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Physiological and Behavioral Responses of Horses to Wither Scratching and Patting the Neck When Under Saddle

By Zoë W. Thorbergson, Sharon G. Nielsen, Rodney J. Beaulieu, Rebecca E. Doyle

Category Journal Articles
Abstract

Riding is considered to be an arousing activity for horses. It has been suggested that wither scratching may be a more useful tool for relaxation compared with the common practice of neck patting. In the current study, 18 horses were exposed to 3 treatments, including control or no interaction, neck patting, and wither scratching, for 1 min each following a short obstacle course. Heart rate, heart rate variability, and a variety of behaviors were measured in the horses. Wither scratching produced a significantly longer duration of relaxed-type behaviors. Wither scratching could be a useful tool to help a horse relax while under saddle. Additionally, the study identified 2 ear positions that may be useful for future research in horse behavior.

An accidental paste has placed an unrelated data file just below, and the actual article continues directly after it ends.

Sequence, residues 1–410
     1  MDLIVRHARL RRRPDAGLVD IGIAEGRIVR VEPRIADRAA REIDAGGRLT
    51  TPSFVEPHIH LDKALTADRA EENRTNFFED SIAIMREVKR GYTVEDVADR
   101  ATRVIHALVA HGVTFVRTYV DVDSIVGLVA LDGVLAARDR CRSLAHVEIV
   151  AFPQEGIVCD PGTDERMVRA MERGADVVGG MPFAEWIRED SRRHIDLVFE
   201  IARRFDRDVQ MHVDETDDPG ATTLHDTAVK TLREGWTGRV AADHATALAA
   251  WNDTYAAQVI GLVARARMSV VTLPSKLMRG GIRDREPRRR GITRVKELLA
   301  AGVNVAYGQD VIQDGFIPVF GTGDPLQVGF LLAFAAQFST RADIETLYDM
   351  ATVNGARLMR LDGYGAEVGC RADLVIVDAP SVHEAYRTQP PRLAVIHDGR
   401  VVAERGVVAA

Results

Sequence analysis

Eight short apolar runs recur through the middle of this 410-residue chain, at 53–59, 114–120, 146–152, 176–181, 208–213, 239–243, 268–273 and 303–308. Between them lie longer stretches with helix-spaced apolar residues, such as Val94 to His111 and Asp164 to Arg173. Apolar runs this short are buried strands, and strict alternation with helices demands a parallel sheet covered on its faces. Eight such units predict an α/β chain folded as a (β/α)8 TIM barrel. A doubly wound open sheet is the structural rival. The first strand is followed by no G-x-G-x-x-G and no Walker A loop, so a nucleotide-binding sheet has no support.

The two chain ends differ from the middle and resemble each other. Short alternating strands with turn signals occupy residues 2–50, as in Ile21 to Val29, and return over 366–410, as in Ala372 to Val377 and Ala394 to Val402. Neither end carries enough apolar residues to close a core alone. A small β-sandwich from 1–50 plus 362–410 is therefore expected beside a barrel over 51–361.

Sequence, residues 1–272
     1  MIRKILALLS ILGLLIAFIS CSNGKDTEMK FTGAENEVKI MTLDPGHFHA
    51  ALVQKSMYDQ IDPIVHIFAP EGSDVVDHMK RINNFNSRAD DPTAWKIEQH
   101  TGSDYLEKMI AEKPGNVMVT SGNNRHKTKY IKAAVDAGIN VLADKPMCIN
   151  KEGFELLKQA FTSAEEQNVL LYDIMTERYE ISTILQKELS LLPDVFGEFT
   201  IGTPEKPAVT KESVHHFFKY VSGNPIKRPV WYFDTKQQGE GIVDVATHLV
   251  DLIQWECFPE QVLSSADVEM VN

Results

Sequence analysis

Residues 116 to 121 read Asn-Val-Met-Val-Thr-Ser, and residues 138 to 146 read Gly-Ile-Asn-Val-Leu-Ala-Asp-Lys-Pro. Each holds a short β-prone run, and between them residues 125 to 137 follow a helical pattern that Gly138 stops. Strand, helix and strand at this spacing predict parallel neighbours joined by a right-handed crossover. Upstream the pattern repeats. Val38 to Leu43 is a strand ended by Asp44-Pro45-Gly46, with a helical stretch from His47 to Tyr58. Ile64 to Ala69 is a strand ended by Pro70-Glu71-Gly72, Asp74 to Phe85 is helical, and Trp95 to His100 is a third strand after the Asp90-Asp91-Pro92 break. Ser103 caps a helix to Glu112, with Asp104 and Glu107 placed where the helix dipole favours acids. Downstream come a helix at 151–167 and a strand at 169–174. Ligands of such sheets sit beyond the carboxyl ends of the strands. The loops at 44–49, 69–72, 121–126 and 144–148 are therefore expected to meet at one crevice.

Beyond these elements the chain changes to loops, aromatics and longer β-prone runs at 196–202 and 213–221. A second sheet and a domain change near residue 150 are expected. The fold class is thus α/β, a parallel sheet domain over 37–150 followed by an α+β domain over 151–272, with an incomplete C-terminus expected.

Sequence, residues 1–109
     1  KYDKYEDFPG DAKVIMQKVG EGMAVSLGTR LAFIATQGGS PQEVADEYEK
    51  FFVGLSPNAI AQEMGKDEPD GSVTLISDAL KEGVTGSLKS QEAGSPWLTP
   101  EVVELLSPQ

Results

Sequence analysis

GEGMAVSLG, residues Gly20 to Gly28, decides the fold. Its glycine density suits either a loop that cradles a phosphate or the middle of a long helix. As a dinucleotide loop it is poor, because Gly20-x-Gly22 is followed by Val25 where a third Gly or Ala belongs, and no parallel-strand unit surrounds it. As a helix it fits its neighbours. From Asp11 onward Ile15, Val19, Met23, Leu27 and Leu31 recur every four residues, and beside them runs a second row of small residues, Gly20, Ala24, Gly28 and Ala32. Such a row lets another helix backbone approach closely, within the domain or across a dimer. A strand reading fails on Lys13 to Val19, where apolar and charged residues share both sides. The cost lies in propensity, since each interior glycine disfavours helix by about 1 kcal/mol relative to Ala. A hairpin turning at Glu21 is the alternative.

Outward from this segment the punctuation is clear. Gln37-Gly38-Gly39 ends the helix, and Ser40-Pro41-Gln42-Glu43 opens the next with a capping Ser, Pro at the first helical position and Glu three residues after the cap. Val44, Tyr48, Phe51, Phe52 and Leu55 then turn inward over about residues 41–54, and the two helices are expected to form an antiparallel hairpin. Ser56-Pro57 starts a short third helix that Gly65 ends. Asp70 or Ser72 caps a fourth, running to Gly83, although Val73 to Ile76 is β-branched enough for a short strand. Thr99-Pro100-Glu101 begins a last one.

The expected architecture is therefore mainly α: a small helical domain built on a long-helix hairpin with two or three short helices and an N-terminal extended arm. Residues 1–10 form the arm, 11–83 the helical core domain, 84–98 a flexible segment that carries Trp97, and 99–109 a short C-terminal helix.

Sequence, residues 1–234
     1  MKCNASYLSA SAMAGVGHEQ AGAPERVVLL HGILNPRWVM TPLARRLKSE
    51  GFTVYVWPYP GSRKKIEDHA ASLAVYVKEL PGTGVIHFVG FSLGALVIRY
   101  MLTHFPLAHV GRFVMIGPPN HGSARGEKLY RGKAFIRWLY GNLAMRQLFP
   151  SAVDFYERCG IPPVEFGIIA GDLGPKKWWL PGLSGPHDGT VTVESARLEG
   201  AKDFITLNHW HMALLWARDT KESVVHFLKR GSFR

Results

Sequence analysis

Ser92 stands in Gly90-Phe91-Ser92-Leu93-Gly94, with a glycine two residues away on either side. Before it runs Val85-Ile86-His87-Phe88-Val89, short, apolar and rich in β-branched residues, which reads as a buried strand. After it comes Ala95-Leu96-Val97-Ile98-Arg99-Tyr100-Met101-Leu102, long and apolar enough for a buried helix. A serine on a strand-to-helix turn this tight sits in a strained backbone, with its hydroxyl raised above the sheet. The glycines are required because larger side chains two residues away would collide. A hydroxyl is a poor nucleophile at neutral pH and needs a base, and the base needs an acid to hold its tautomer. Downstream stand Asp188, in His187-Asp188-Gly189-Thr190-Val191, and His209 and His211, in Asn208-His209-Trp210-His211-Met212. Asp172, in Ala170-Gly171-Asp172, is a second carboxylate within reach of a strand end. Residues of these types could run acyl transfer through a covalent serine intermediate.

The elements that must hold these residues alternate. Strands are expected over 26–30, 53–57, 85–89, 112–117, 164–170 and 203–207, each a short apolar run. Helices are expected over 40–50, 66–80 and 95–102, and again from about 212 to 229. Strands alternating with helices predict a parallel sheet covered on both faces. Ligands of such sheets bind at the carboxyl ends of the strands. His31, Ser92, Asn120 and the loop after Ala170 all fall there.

Publication Title Journal of Applied Animal Welfare Science
Volume 19
Issue 3
Pages 245-259
ISBN/ISSN 1088-8705
DOI 10.1080/10888705.2015.1130630
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Tags
  1. Agitation
  2. Behavior and behavior mechanisms
  3. Horses
  4. welfare